|Watching Josh Reddick grow up into a very smart Red Sox player||08.08.11 at 4:05 am ET|
Sunday night, Josh Reddick proved he has been paying attention to the small details.
When J.D. Drew went down with his shoulder injury, there were those who wondered if Reddick would be able to maintain his offensive pace while playing a dependable right field.
Sunday night, on the biggest stage Reddick has been on to date, the 24-year-old validated the trust the organization put in him by calling him up and slotting him in right field on a semi-regular basis.
It wasn’t just the fact that he put a great swing on a good Phil Hughes curveball, it was his preparation and planning leading up to his game-winning hit in the bottom of the 10th that scored Darnell McDonald with the decisive run in Boston’s 3-2 win over the Yankees.
After Kevin Youkilis flied out to center to open the inning, David Ortiz came to the plate and doubled down the right field line, and Reddick was paying close attention.
“I got a first-pitch curveball over the plate and didn’t really miss it,” Reddick said of his opposite-field single off the base of the Green Monster that scored the winning run. “I watched the way he pitched Papi and was sitting on the pitches he started him off with and luckily he did, and I got a hold of it.
“I hit it really well, barreled it up really well, and it was fading toward the line so even with [Brett] Gardner’s speed, I felt like it was going to get there and we had D-Mac running with some fresh legs so I knew he was going to score no matter what.”
Keep in mind, Reddick was 0-for-4 with two strikeouts before his game-winning hit so he had to find other ways to contribute, and he certainly did. Russell Martin lined a base hit down the right field line with one out in the fifth. Reddick put himself in a perfect position for a bounce right to him. Read the rest of this entry »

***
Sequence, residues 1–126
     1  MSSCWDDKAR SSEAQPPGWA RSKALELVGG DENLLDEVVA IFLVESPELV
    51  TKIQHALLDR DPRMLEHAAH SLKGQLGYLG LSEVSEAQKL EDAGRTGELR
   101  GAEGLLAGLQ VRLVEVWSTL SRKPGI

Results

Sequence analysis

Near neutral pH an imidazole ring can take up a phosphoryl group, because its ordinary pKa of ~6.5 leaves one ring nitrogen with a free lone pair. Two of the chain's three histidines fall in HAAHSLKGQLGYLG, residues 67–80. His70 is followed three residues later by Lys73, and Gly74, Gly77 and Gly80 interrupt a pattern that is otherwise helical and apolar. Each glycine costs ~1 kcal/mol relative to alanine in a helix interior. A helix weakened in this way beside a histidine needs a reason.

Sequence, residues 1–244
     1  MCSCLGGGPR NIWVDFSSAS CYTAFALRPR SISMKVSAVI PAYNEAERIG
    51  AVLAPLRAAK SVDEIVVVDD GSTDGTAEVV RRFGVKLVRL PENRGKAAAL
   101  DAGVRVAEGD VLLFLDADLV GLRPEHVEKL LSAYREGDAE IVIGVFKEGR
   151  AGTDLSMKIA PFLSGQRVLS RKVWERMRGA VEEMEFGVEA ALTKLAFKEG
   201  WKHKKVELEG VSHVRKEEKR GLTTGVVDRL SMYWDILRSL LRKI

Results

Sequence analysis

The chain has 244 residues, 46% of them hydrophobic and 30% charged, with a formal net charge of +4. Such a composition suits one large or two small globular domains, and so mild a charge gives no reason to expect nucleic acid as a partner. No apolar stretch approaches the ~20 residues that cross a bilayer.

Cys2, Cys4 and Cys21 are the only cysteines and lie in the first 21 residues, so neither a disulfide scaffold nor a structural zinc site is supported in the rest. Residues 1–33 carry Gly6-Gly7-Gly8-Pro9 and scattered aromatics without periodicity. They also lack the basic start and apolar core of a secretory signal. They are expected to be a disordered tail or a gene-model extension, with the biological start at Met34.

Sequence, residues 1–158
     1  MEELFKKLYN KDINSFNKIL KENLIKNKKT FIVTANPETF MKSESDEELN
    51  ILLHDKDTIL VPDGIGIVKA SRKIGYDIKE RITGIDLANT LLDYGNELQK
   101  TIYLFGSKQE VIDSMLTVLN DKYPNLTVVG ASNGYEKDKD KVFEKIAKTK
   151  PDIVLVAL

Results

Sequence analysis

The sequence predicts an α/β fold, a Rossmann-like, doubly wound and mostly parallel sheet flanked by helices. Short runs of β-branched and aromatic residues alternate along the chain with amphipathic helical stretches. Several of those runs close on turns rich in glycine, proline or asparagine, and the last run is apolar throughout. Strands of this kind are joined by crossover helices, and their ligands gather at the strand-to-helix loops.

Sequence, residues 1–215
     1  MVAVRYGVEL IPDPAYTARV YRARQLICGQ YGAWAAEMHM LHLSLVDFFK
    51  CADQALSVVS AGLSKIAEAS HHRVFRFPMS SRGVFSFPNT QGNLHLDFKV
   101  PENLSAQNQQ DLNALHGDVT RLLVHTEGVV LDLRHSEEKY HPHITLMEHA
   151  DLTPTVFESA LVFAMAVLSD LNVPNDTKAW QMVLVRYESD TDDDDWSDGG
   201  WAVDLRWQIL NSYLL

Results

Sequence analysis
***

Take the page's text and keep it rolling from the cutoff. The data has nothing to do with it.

After blowing the 14th save against the Red Sox in his certain Hall of Fame career, Mariano Rivera took full responsibility, admitting that his trademark cutter pitch to Marco Scutaro that yielded a leadoff double in the ninth was not where he wanted it. Scutaro lined Rivera’s 2-2 pitch high off the Monster in left to start the game-tying rally in the ninth, with the Yankees leading, 2-1.
“It wasn’t the pitch that I wanted it to be,” Rivera said. “It was a little bit down, should’ve been a little bit up. I can’t blame nothing but myself. I didn’t get it done. That’s that.”
Scutaro has a history of dramatics with the Yankees closer, hitting a three-run, game-winning walk-off homer against Rivera when Scutaro played for the A’s on April 15, 2007. Rivera insisted he wasn’t thinking about that when Scutaro led off the ninth on Sunday night.
“I don’t think about it like that,” Rivera said. “If I was thinking like that, I wouldn’t be doing this job. I was just going in there thinking of getting him out as soon as possible, just get him out.”
Rivera nearly got out of his own mess when Jacoby Ellsbury laid down a bunt for the first out, moving Scutaro to third. But Dustin Pedroia lined a ball just deep enough to left for Scutaro to score and tie the game. Josh Reddick gave Boston a 3-2 win the next inning when he singled home pinch-runner Darnell McDonald from second base.
While Rivera hasn’t been perfect this season – as Sunday was his fifth blown save in 34 chances, he still has been dominant. But even back in Rivera’s heyday, the Red Sox always seemed to have a knack for getting to him.
“That’s exciting,” Red Sox manager Terry Francona said afterward. “Anytime you see Mo in the game, it’s not good news. We’re the one team, everyone once in a while, you kind make a chip [in his armor]. That was exciting. Scutaro with a huge hit, Jacoby gets a nice bunt down and Pedey with a good at-bat and we get to keep playing.”
Most famously, of course, there was Game 4 of the 2004 American League Championship Series when Kevin Millar worked his walk and pinch-runner Dave Roberts just got under Derek Jeter’s tag, scoring on Bill Mueller’s hit. In the regular season, the Red Sox have tagged Rivera with 14 blown saves, six more than the next closest teams (Angels and Orioles).